Those who are newer in the kitchen or who may not have formal training may want to familiarize themselves with the anatomy of a kitchen knife. This will help you understand what you’re reading about different knife specs and make communication easier with salespeople you may run into.

Butt - the back end of the handle
Heel - the back end of the blade, close to the fingers
Tip - the front half of the blade (not to be confused with the point)
Point - the pointy part at the end of the knife
Edge - the sharp side of the blade.
Spine - the top of the blade, this part isn’t sharp
Tang - the steel that extends past your knife and into the handle
Bolster - the thick band of steel between the handle and the heel
Granton Edge - the dimpling on the blade to keep food from sticking

Knife anatomy

Other Considerations
Now that you’re familiar with the knife’s different parts, there are a few key questions to ask yourself:

How long should the knife be?
There is a huge variety of knife lengths available for purchase. For a great multitasking knife (known as a chef’s knife or a kitchen knife), look for an 8” model. Experts like Epicurious agree that this is a great standard size that is big enough to tackle most jobs but small enough to handle for delicate movements. Smaller and larger knives than these definitely have their own place in the kitchen and are even more important in professional cooking environments, but experts like Huffington Post agree that an 8” knife is a great place to start.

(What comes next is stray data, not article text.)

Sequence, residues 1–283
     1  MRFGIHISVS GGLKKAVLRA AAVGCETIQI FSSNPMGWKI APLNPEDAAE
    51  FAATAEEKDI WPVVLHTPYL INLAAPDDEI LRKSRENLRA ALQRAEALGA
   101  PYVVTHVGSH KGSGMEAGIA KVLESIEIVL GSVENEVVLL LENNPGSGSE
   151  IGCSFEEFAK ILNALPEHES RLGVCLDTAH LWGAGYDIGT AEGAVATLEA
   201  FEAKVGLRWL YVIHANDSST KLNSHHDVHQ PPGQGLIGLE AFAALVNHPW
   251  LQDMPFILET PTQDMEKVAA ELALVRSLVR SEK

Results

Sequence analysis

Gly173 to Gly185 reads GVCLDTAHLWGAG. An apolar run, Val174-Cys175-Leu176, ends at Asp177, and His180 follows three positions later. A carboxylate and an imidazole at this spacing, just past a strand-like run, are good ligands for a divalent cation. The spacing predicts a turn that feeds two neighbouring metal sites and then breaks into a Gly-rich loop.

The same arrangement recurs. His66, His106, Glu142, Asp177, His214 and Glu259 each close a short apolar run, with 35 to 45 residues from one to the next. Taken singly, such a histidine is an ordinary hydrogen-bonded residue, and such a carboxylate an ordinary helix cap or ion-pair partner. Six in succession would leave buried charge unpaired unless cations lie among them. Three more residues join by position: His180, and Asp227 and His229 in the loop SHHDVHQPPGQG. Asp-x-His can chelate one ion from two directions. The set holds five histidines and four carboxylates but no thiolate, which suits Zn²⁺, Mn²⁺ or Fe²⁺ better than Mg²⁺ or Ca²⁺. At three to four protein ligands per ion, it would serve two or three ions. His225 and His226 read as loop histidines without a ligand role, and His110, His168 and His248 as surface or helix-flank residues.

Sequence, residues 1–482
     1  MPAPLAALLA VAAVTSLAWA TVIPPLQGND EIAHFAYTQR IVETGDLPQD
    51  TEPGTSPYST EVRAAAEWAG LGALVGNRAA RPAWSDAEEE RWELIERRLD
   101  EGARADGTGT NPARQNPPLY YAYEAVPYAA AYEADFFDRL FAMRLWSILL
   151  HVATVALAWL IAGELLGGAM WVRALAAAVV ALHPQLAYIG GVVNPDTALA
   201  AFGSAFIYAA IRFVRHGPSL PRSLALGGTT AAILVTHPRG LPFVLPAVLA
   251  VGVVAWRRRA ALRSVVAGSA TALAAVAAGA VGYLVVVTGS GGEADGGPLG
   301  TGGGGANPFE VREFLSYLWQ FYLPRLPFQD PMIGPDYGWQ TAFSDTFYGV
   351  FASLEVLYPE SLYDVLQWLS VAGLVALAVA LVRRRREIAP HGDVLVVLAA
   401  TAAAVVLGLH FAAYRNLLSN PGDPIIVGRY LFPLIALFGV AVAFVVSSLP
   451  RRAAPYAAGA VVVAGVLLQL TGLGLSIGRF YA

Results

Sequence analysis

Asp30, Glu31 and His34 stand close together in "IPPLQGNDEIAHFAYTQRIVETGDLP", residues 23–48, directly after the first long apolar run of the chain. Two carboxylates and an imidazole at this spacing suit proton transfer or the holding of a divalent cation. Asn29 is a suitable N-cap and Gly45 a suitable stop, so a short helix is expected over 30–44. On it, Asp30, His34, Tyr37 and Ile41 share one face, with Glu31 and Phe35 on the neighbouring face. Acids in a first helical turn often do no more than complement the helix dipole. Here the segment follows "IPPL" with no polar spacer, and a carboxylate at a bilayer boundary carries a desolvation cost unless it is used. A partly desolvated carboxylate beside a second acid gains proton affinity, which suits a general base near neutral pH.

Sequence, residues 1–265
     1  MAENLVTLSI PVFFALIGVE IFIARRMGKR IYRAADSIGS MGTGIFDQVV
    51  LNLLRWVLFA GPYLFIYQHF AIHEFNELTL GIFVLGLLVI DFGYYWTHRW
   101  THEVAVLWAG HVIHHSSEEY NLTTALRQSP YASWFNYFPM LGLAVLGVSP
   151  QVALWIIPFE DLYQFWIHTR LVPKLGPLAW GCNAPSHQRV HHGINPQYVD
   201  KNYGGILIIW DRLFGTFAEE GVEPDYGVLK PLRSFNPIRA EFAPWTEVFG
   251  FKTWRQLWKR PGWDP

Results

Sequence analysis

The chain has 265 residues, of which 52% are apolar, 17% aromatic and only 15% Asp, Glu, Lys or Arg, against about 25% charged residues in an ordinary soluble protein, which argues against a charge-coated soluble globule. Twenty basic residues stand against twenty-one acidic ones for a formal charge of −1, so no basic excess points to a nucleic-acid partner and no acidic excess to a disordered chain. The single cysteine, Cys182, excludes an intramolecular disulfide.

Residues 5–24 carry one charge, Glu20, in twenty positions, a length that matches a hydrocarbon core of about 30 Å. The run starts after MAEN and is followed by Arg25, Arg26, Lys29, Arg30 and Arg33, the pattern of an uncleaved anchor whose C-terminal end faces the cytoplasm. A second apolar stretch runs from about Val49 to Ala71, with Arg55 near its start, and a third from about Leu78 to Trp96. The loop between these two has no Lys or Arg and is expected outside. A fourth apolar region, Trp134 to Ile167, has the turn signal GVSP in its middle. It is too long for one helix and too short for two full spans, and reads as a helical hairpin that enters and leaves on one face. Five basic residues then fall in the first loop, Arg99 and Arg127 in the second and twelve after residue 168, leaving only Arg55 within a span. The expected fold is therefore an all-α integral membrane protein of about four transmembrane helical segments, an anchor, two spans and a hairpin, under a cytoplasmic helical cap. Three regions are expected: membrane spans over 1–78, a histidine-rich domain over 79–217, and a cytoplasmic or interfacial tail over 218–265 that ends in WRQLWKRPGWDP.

How much should it weigh?
While it’s easy enough to recommend a knife length to start at, weight is much more up to the individual. These tools should be light enough to perform delicate tasks, but large enough to accomplish large prep jobs. Of course, the weight of a knife model is relative to the size of the person handling it, so this is another aspect that’s up to personal preference. 

How much should I spend?
Your choice of budget will depend very much on your own personal needs. How often will you be using it? Are you a professional or recreational chef? Are you a master culinarian or still working on your knife skills? A bigger investment doesn’t always mean a vastly better knife, but price loosely follows quality. For those who are less frequent users and have less demanding needs in the kitchen, a lower-priced option may be ideal. For professionals who need a high-performing knife, a bigger investment may be appropriate.